OP: Moroccan Jewish Cookery
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Though there had been a Jewish presence in Morocco since antiquity, the population swelled in the 15th century when Jews were expelled from nearby Spain.
After WWII and the establishment of Israel, however, the Jewish population in Morocco dispersed once again, and the distinct food culture developed over centuries there risked fading from the collective memory.
Drawing primarily on the recipes of her mother-in-law’s upbringing in Essaouira (formerly Mogador), Viviane Moryoussef’s Moroccan Jewish Cookery (1983) is a record of the dishes of that vanishing population. Her target audience is people of Jewish-Moroccan descent who retain a frame of reference for the dishes.
Here Spanish, North African, and Jewish traditions converge, creating a new, distinct cuisine.
For example, angel’s hair jam—calling for an Essaourian varietal of squash, but easily substituted with spaghetti squash—is a clear descendant of the Spanish preserve cabello de angel. Similarly, the m’hemmer omelette is evocative of the Spanish tortilla.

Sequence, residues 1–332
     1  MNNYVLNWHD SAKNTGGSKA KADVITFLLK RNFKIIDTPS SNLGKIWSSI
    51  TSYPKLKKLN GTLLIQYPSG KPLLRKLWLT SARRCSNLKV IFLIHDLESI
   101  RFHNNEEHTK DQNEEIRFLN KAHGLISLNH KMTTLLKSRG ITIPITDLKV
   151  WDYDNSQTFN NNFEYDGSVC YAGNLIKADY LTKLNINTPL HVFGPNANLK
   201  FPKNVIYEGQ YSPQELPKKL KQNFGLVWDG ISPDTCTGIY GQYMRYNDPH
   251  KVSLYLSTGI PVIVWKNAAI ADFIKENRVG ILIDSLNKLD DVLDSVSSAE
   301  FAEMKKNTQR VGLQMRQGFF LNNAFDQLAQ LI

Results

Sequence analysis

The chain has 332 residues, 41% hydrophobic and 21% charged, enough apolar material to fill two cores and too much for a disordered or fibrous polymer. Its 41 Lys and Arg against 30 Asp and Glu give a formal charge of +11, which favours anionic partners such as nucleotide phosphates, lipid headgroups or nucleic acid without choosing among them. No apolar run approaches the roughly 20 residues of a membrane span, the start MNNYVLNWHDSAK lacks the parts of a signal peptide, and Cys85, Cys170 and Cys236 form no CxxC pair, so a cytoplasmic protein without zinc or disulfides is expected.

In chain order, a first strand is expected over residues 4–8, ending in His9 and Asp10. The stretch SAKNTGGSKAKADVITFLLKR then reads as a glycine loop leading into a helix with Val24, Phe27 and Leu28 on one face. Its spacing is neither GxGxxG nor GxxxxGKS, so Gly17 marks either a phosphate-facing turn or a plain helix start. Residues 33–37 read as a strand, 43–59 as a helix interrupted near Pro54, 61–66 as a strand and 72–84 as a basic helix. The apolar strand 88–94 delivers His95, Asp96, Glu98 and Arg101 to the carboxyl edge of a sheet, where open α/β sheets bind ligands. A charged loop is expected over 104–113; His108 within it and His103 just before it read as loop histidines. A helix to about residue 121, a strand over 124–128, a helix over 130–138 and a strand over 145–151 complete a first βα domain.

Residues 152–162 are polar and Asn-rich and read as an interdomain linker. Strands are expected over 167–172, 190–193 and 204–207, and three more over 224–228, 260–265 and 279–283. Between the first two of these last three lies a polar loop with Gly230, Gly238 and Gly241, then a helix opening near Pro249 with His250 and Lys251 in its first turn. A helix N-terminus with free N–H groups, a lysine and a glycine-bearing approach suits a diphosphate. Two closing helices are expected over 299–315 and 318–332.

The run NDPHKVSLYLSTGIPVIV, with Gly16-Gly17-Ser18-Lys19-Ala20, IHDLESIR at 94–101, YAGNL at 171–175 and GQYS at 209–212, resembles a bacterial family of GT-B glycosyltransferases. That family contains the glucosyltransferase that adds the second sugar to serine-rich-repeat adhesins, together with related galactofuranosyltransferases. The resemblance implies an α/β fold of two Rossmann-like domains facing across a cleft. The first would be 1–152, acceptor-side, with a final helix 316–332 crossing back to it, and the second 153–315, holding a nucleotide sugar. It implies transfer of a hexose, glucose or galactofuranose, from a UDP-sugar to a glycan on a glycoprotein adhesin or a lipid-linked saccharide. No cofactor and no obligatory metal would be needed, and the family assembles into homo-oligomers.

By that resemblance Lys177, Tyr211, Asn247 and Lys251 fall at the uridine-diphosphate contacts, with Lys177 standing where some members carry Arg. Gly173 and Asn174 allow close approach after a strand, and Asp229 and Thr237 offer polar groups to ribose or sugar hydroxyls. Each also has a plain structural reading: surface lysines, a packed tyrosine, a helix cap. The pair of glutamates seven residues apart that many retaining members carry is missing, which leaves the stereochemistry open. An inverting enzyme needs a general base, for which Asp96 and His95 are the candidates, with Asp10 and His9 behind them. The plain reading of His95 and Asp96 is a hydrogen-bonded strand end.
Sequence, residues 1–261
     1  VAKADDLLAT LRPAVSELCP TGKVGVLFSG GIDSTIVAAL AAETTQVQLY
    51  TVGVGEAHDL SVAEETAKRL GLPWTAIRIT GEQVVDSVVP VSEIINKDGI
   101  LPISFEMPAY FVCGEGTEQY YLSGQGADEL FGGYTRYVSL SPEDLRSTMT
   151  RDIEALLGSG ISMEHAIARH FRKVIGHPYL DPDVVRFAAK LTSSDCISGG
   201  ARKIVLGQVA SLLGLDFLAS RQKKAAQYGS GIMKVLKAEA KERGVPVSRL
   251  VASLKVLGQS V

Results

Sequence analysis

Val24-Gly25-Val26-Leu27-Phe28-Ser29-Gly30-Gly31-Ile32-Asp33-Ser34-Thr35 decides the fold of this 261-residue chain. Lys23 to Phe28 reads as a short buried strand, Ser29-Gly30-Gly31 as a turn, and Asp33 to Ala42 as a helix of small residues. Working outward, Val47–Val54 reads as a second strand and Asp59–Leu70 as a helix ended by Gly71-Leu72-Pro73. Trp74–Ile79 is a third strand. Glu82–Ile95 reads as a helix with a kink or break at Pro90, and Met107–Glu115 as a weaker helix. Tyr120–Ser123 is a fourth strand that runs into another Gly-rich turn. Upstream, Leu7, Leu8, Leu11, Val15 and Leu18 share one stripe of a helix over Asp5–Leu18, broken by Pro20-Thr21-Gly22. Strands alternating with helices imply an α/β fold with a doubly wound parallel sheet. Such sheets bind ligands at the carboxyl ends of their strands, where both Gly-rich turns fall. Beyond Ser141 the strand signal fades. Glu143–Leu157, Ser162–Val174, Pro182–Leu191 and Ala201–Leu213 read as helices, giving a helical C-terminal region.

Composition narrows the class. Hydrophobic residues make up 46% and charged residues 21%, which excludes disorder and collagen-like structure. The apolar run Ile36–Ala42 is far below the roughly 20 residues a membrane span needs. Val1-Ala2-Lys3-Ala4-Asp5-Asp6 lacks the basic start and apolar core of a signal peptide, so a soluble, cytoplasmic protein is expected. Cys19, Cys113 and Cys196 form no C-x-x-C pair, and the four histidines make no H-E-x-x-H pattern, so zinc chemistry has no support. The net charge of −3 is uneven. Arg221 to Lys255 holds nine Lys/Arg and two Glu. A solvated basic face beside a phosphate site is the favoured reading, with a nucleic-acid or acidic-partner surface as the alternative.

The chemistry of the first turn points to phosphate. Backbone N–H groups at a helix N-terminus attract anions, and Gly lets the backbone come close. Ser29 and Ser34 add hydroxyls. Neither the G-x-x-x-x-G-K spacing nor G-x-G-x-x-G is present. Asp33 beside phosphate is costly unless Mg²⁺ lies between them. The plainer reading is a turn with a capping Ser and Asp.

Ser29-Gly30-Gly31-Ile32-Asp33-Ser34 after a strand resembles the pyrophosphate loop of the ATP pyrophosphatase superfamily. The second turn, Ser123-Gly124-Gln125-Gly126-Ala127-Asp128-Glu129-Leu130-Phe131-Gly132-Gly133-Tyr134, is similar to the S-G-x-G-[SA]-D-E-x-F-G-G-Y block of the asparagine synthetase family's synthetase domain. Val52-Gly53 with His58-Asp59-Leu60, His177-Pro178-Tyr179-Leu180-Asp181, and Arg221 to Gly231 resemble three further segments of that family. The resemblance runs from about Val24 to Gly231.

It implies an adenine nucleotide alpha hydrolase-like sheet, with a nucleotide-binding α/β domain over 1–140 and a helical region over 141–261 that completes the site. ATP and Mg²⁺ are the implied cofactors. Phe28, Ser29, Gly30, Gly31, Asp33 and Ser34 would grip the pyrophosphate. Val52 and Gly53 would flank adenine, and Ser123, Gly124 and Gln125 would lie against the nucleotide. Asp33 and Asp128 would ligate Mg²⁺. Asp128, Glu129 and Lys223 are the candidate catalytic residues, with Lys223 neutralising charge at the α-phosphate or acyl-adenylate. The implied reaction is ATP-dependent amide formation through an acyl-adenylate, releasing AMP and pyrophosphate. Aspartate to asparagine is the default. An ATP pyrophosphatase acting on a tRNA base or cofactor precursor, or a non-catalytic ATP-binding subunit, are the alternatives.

The tchoutchouka (shakshuka) is recognizably Moroccan, as is harira—a stew traditionally eaten by Muslims for Iftar, the fast-breaking evening meal of Ramadan and which Moroccan Jews adapted for Yom Kippur.
Skhina—the slow-cooked stew started on Friday night for Saturday’s midday meal—receives a dedicated 7-pages of instruction and commentary, denoting its importance. This Moroccan variation on cholent calls for eggs, potatoes, rice, chickpeas, and fatty meat, though the dish is adaptable to whatever ingredients are on hand.Published simultaneously in both French and English, this is an uncommon title in either language. We are pleased to be able to offer it here in English in Near Fine condition. The jacket shows minor shelfwear, though the laminate used for the glossy finish is bubbling and rippling on the front. A previous owner's name is stamped on the bottom edge. Supported by color photography and plenty of recipes for preserves, fish, meat, offal, baked goods, and holiday fare, Moroccan Jewish Cookery is an exciting foray into the Sephardic diaspora.